Saturday, July 10, 2010

Birthmarked by Caragh M. O'Brien

Summary (courtesy of GoodReads):   After climate change, on the north shore of Unlake Superior, a dystopian world is divided between those who live inside the wall, and those, like sixteen-year-old midwife Gaia Stone, who live outside. It’s Gaia’s job to “advance” a quota of infants from poverty into the walled Enclave, until the night one agonized mother objects, and Gaia’s parents are arrested.  Badly scarred since childhood, Gaia is a strong, resourceful loner who begins to question her society. As Gaia’s efforts to save her parents take her within the wall, she herself is arrested and imprisoned.

And here's what I thought:   From this little summary, you probably already have the idea that this takes place in our world, but somewhere in the future (seems like about 300 years).    We're now in the "cool age",  and it's safe to say that people are dealing with the repercussions of using too much oil, and abusing the environment's resources.   This is a theme throughout this story, as it seems that the people outside the wall are used to living relatively simply, and the people inside the wall have access to more technology.  People from outside the wall have the impression (from the "tvaltar") that life inside the wall is really great, and everyone is young and beautiful --- but the reality is, the people who live inside the Enclave, are having some serious issues.  The whole practice of midwives "advancing" babies to the Enclave is to solve some genetic issues that have started to crop up.   So, there's also a theme in this book about how demanding physical perfection isn't always a good idea.   The author uses the story to develop these ideas, and make the reader think (at least, it made me think).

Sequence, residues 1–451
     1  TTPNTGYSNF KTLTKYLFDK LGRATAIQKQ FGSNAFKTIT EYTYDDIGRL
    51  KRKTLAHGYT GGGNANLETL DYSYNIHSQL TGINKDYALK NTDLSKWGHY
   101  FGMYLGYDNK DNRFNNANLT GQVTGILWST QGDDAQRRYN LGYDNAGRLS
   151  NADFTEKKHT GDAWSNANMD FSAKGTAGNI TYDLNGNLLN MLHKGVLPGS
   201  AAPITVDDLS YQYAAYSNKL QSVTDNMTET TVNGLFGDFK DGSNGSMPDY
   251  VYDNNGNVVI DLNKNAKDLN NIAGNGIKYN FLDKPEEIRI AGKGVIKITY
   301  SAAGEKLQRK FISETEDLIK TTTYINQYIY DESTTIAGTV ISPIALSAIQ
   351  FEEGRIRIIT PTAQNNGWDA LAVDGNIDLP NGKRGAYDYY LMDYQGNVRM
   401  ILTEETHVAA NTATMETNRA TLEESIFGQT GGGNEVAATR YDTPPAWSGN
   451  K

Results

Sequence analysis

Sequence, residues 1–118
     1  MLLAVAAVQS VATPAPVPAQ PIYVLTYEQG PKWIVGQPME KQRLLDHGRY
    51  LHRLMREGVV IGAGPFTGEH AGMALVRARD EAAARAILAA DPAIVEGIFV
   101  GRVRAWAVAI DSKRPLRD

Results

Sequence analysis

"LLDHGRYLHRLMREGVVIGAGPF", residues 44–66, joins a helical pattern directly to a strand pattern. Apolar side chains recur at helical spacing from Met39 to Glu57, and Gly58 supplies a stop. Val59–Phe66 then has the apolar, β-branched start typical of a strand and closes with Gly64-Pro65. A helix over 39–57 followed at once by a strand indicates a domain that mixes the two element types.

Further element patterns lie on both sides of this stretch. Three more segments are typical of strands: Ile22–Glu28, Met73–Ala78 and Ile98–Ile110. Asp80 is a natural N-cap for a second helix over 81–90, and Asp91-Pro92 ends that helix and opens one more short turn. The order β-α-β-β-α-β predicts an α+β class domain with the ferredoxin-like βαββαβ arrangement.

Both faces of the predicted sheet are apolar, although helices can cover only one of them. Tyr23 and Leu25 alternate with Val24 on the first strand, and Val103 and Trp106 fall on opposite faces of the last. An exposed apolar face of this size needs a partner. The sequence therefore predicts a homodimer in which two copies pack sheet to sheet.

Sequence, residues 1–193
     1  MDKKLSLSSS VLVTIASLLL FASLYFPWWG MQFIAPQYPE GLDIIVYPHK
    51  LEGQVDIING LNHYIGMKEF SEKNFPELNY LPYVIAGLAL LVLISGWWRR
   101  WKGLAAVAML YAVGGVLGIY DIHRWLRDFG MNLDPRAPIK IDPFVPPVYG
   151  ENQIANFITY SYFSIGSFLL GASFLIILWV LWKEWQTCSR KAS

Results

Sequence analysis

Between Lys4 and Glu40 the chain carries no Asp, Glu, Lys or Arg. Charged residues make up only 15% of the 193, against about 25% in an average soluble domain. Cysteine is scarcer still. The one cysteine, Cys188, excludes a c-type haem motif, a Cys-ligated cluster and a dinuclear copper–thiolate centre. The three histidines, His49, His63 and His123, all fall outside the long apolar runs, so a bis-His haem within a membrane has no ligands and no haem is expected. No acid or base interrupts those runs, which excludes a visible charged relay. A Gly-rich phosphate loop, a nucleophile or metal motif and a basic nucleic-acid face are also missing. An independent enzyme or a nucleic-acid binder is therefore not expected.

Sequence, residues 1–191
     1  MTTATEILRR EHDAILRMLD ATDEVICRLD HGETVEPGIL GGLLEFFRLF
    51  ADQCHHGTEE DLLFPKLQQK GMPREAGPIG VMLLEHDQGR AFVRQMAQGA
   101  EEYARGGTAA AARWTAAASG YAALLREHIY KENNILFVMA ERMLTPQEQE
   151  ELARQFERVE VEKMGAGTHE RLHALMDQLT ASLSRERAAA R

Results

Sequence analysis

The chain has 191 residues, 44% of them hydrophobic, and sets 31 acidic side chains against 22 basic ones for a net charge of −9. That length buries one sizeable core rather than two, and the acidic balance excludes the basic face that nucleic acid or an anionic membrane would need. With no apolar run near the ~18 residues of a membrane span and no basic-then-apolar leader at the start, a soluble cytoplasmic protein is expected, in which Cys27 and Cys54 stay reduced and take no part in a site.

I thought the characters were pretty well-developed; Gaia's smart and determined, and when she comes into contact with authories inside the Enclave, she doesn't fold under the pressure.   The wary friendship that she starts to develop with Capt. Grey is interesting, and well-written.  Even the supporting characters are well-rounded, making the interactions between all of them feel realistic.   I did have moments of recalling Margaret Atwood's Handmaid's Tale a few times in this story, though.  For example, the whole idea of the midwives "advancing" the babies to other parents, and when Gaia sees women inside the Enclave dressed entirely in red.   Atwood's books Oryx and Crake, and The Year of the Flood, also focus on ideas of abusing the environment and genetics.  Overall, I really enjoyed this story and found it a good read that made me think.  I didn't feel like O'Brien was beating me over the head with her opinions, but instead, presented ideas and opinions through Gaia (or other characters), so that there was more than one view on a subject, such as the practice of "advancing" newborns.    I found this is a quick-paced, well-written story.


Amanda Makepeace said...

Interesting. I hadn't give this book much thought but maybe I will see if I can hunt down a copy.

Anonymous said...

This sounds great! I love dystopian fiction, so this sounds right up my alley.

Btw, I LOVE your picture of the cemetery. I love cemeteries, and fall is my favorite season :)

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